Seeking bigger advantage, Xander Schauffele shifts putting style to armlock method

DUBLIN, Ohio — Xander Schauffele is statistically one of the best putters on the PGA Tour. That didn’t stop him from changing this week to a different style — one he believes should be illegal.

Schauffele, the fifth-ranked player in the world, began practicing with a longer putter and using the armlock method just this week. He put it in play for the first round of the Memorial Tournament, shot 4-under-par 68 at Muirfield Village Golf Club and trails clubhouse leader Collin Morikawa by two strokes as play was suspended until Friday due to bad weather.

“My putting coach [Derek Uyeda], my whole team honestly, we’re very against change and I had to see what the craze was about,” said Schauffele. “I do feel funny, obviously being a top-10 putter on Tour, switching putters or the style of putting. It’s a distinct advantage.

“I am for banning the armlock putters, but if everyone else is going to use it and I feel like they have a bigger advantage, I may as well do the same.”

Schauffele said he lengthened the shaft of the same putter he’s been using and now presses the top part against his left arm and wrist and holds it with his right hand. Despite coming into the week ranked ninth on the PGA Tour in strokes gained putting and 13th in total putting, he decided to make a change because he believes it can make him better.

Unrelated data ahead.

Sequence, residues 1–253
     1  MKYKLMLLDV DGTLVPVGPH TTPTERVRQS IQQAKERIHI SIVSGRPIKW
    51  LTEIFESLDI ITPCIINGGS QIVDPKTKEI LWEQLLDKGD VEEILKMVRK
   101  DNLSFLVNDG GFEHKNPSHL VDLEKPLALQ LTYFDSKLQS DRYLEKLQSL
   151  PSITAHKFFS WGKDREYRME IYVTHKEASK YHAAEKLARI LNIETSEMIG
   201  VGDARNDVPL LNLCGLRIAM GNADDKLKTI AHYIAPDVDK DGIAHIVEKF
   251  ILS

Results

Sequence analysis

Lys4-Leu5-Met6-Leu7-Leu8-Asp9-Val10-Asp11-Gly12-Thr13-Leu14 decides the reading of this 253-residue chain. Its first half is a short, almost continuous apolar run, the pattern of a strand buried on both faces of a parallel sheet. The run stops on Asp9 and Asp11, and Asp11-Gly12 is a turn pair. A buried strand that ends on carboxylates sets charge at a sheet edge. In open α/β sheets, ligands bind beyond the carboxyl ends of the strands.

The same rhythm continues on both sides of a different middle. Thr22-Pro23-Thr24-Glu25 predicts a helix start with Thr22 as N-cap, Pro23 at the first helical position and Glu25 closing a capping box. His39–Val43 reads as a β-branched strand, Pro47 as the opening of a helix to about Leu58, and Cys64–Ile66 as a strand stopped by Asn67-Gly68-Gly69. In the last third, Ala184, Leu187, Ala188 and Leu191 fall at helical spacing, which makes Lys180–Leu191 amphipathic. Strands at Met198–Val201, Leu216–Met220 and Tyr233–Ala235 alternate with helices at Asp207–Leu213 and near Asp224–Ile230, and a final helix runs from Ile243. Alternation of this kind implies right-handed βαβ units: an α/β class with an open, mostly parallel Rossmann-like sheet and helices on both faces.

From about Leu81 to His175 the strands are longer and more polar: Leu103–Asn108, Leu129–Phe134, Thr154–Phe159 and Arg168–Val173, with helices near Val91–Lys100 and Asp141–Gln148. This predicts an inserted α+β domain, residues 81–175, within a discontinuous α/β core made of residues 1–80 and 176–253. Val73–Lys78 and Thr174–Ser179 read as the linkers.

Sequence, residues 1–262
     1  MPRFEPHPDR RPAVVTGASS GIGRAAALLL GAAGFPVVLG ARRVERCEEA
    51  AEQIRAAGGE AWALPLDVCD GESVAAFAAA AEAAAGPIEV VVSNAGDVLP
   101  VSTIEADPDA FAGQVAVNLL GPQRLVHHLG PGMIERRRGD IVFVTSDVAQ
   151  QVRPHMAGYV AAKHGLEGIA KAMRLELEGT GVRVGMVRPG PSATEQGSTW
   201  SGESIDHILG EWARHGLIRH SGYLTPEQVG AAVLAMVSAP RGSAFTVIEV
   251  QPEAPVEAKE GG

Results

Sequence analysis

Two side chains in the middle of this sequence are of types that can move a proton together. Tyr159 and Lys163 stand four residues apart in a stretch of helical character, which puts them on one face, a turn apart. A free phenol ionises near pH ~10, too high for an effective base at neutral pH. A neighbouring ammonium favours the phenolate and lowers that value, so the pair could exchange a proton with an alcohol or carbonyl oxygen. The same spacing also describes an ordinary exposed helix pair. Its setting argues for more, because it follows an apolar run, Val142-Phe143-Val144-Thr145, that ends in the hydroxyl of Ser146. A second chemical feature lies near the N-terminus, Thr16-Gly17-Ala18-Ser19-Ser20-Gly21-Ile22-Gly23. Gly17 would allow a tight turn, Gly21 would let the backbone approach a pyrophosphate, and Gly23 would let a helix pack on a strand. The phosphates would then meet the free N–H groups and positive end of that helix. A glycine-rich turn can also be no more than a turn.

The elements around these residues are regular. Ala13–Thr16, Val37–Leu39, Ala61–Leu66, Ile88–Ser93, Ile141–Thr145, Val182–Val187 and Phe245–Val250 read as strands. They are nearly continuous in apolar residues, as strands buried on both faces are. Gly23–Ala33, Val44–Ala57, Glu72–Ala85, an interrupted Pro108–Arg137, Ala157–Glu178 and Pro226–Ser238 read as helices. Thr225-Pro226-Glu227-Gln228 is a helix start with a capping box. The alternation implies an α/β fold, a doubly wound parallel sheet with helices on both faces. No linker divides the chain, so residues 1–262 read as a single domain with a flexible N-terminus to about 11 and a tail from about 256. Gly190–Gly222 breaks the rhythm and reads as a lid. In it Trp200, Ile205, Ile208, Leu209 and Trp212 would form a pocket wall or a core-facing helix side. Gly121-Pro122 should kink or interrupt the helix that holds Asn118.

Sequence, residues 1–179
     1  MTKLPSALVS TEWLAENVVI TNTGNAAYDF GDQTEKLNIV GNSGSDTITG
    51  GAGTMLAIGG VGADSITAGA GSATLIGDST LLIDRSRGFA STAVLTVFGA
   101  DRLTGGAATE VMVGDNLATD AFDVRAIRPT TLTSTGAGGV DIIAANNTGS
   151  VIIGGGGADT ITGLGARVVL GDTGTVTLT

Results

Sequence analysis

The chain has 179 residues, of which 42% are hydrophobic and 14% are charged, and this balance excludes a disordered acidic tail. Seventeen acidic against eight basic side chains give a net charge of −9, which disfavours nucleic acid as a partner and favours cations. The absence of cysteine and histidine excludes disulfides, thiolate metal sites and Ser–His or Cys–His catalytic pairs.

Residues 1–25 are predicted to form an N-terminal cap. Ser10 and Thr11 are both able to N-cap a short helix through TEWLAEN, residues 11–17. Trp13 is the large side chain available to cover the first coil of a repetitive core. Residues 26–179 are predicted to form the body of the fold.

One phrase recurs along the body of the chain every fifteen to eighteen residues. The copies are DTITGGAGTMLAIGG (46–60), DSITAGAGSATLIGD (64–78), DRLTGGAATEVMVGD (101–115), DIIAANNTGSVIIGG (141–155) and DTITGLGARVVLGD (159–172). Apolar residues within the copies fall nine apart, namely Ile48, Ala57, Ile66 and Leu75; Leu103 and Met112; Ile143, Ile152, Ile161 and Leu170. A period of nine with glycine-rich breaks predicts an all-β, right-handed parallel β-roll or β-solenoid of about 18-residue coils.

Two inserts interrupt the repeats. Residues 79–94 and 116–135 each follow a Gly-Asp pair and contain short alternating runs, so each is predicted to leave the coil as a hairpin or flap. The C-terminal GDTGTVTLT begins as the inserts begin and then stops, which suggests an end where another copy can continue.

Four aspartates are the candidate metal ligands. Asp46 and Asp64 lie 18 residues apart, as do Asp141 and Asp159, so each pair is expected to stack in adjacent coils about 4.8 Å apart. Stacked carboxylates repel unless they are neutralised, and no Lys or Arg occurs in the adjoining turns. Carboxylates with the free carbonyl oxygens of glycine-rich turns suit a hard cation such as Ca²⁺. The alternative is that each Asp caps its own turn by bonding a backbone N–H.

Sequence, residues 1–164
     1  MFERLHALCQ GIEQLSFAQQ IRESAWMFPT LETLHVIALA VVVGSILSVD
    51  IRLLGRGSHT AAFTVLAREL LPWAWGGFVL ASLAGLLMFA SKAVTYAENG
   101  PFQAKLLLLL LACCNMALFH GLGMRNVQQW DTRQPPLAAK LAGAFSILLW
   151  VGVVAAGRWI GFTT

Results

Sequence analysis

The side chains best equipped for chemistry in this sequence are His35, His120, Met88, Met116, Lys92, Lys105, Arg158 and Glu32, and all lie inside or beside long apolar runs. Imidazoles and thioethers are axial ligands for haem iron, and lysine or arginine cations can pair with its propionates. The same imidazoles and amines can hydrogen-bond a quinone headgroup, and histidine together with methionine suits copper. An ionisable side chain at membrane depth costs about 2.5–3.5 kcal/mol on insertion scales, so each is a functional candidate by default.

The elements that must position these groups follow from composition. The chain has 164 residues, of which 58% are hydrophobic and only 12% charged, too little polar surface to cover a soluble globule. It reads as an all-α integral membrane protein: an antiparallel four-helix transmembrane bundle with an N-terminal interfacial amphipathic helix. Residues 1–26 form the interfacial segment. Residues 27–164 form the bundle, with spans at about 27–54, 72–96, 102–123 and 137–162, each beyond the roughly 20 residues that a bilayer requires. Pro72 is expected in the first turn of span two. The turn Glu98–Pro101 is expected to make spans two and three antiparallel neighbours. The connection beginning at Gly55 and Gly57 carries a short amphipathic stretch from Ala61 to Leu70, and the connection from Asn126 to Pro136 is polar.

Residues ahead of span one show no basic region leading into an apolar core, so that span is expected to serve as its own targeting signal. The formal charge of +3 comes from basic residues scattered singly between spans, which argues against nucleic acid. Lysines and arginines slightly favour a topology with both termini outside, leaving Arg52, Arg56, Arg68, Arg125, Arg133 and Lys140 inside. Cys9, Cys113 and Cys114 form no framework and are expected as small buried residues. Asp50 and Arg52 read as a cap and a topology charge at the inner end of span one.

“It’s easier; it’s more consistent,” he said. “My coach and I work a lot [at home] in San Diego on start lines and making sure the ball’s doing what we think it’s doing. And the fact that [the putter] is anchored to your arm…you can flinch in your hands, but you can’t flinch your entire left arm. So that’s the process behind that.”

In 2016, the United States Golf Association and the R&A banned anchoring, forcing numerous players to alter a style in which they anchored a putter to their stomach or a long putter to their chest. The clubs themselves weren’t banned, but the method was no longer allowed. The armlock method, however, is not outlawed — even though the club is still attached to a part of the body.

Among those of prominence who have used a variation of the method is Matt Kuchar.

“It takes the stress of putting out of the game,” Schauffele said. “Putting is so stressful. Obviously hitting shots and chipping and all kinds of stuff are difficult, but your putts are what give you the score on the card. It’s ruined a lot of people’s careers and it’s helped people’s career.

“So I think putting is an art in our game and when you lock it to your arm or anchor it to your body, it kind of gets rid of that.”

Schauffele made five birdies and just a single bogey on Thursday. He needed just 28 putts. He’s not completely comfortable with the new method, but felt good enough about it to use it relatively quickly.

“I know how good it can be and I think you still have to read putts and get the speed down correct,” he said. “I’m in a very similar setup compared to my old putter and I know I can putt with a shorter putter, so I figured if I can get an advantage on the greens, and maybe get to first in putting, that would be something special. So I’m going to give it a go.”

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